Mechanisms in energy balance (EB) regulation may include compensatory changes in energy intake (EI) and metabolic adaption (MA), but information is unavailable in athletes who often change EB components. We aim to investigate EB regulation compensatory mechanisms over one athletic season.Methods
Fifty-seven athletes (39 males/18 females; handball, volleyball, basketball, triathlon, and swimming) were evaluated from the beginning to the competitive phase of the season. Resting and total energy expenditure (REE and TEE, respectively) were assessed by indirect calorimetry and doubly labeled water, respectively, and physical activity energy expenditure was determined as TEE − 0.1(TEE) − REE. Fat mass (FM) and fat-free mass (FFM) were evaluated by dual-energy x-ray absorptiometry and changed body energy stores was determined by 1.0(ΔFFM/Δtime) + 9.5(ΔFM/Δtime). EI was derived as TEE + EB. REE was predicted from baseline FFM, FM, sex, and sports. %MA was calculated as 100(measured REE/predicted REE-1) and MA (kcal) as %MA/100 multiplied by baseline measured REE. Average EI minus average physical activity energy expenditure was computed as a proxy of average energy availability, assuming that a constant nonexercise EE occurred over the season.Results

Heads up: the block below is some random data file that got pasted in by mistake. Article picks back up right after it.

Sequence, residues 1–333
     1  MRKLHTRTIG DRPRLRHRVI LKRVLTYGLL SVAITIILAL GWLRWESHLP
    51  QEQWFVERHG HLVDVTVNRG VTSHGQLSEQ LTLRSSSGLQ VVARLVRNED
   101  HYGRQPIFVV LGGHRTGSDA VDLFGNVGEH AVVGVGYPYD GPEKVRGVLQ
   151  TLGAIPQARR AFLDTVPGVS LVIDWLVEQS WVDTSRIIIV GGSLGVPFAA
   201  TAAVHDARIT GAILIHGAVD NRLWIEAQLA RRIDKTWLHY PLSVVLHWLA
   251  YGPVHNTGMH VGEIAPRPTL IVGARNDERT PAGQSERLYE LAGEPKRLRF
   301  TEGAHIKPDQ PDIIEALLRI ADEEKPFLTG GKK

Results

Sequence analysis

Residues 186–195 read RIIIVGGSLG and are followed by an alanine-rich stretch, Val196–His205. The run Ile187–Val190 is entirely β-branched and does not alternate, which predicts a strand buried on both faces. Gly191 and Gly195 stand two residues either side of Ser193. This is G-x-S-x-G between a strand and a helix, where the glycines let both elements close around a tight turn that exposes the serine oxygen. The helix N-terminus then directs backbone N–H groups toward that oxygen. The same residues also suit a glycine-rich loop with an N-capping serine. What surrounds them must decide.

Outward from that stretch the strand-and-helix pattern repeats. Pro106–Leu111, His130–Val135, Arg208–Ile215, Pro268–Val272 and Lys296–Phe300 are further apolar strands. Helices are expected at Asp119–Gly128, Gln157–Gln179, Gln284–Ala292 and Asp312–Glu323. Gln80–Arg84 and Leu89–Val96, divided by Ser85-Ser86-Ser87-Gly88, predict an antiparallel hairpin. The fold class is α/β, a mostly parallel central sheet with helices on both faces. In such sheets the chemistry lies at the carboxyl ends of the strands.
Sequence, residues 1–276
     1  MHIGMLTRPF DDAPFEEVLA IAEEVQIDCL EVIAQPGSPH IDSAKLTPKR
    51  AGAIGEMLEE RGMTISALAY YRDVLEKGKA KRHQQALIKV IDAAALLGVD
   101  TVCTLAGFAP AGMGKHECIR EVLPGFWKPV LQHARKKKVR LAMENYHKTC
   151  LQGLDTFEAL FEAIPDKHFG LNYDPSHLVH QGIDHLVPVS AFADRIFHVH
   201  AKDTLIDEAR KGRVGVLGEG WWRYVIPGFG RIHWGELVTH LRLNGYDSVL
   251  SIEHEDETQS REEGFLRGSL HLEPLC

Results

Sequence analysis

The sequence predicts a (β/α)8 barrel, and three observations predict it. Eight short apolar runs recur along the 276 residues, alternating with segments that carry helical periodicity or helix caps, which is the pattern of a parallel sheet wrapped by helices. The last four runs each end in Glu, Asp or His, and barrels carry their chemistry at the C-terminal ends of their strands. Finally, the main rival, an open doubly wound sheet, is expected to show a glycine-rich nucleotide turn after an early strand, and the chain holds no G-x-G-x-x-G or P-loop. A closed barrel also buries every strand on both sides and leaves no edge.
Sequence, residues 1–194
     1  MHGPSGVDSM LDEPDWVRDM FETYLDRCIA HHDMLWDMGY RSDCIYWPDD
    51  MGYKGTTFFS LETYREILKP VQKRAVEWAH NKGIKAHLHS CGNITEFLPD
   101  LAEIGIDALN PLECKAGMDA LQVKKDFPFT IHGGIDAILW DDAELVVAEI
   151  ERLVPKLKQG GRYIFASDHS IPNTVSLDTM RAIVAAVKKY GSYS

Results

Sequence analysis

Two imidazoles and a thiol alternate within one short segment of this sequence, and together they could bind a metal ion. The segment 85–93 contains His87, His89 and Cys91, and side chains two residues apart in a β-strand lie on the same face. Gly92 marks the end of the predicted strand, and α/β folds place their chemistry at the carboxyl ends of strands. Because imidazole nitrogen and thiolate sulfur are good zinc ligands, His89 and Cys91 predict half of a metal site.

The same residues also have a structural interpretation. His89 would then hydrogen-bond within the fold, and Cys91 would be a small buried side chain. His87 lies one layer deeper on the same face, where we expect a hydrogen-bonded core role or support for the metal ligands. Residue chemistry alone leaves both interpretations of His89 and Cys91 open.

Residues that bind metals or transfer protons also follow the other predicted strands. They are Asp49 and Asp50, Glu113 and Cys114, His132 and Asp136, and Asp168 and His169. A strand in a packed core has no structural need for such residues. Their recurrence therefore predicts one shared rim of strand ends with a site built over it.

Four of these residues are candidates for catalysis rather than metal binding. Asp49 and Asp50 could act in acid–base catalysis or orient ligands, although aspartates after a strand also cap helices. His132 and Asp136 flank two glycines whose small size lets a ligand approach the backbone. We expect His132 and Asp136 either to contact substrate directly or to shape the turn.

Body mass increased by 0.8 ± 2.5 kg (P < 0.05), but a large individual variability was found ranging from −6.1 to 5.2 kg. The TEE raise (16.8% ± 11.7%) was compensated by an increase EI change (16.3% ± 12.0%) for the whole group (P < 0.05). MA was found in triathletes, sparing 128 ± 168 kcal·d−1, and basketball players, dissipating 168 ± 205 kcal·d−1 (P < 0.05). MA was associated (P < 0.05) with EB and energy availability (r = 0.356 and r = 0.0644, respectively).Conclusion
TEE increased over the season without relevant mean changes in weight, suggesting that EI compensation likely occurred. The thrifty or spendthrift phenotypes observed among sports and the demanding workloads these athletes are exposed to highlight the need for sport-specific energy requirements.